In the military, one of the most stressful parts of relocating to a new assignment, second only to finding a home, is securing child care. The post-COVID economy has driven cost and competition for child care to all-time highs, leaving service members to figure out the challenging question of how to pay for something they have to cover.
That's gotten harder as the price of everything from bread to gas has gone up at breakneck speed, far outpacing military pay increases. Child care costs have risen dramatically during the pandemic by41%, now accounting for 20% of the average American's salary.
Fully funded child care would be another positive step on the long and continuous journey of improved military compensation.
The Department of Defense should push for legislation and funding to cover the cost of non-school age child care for all active-duty junior enlisted troops and company-grade officers in the paygrades of E-1 through E-5 and O-1 through O-3 who have eligible dependents. This entitlement would help bolster mission readiness, strengthen young military families' finances, and, in an increasingly difficult recruiting environment, better position the armed forces to compete for talent.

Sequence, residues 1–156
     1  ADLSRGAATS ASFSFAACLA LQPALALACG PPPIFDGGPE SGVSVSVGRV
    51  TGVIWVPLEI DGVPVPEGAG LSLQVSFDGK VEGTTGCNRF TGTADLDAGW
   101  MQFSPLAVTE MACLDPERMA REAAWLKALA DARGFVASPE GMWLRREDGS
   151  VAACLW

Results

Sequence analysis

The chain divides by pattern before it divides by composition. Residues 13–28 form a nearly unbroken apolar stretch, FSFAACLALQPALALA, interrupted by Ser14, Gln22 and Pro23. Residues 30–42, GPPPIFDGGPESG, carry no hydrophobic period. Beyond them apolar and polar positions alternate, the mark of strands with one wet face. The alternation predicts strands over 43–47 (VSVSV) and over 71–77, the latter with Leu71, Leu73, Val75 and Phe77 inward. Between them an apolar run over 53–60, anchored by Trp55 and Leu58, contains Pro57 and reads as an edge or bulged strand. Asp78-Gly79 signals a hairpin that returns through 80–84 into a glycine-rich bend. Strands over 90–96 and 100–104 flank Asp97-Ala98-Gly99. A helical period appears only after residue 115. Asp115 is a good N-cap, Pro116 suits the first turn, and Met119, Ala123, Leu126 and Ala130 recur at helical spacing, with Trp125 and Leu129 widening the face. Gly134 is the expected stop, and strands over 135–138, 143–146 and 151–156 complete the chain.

Read the full article from Military.com.
More from CNAS
Sharper: National Security Workforce
A capable workforce is central to the effectiveness of any government, military, or industry. Opaque processes and standards that lag behind the private sector contribute to r...
By Anna Pederson, Taren Sylvester & Charles Horn
Here's one prescription for getting more qualified civilians into national security work
As threats to the United States multiply, the government will need growing numbers of capable civilians in national security. But creaky apparatus for hiring and clearing peop...
By Katherine L. Kuzminski
Why is public service a members-only club?
If federal agencies want to cast a wide net to catch unique skills and perspectives, they must employ a more effective strategy to communicate to prospective students how to n...
By Celina Pouchet
Why Is Public Service a Members-Only Club?
In 2018, I attended an event at my public university where a large percentage of the student body had transferred from a local community college. The event was one of a few or...
By Celina Pouchet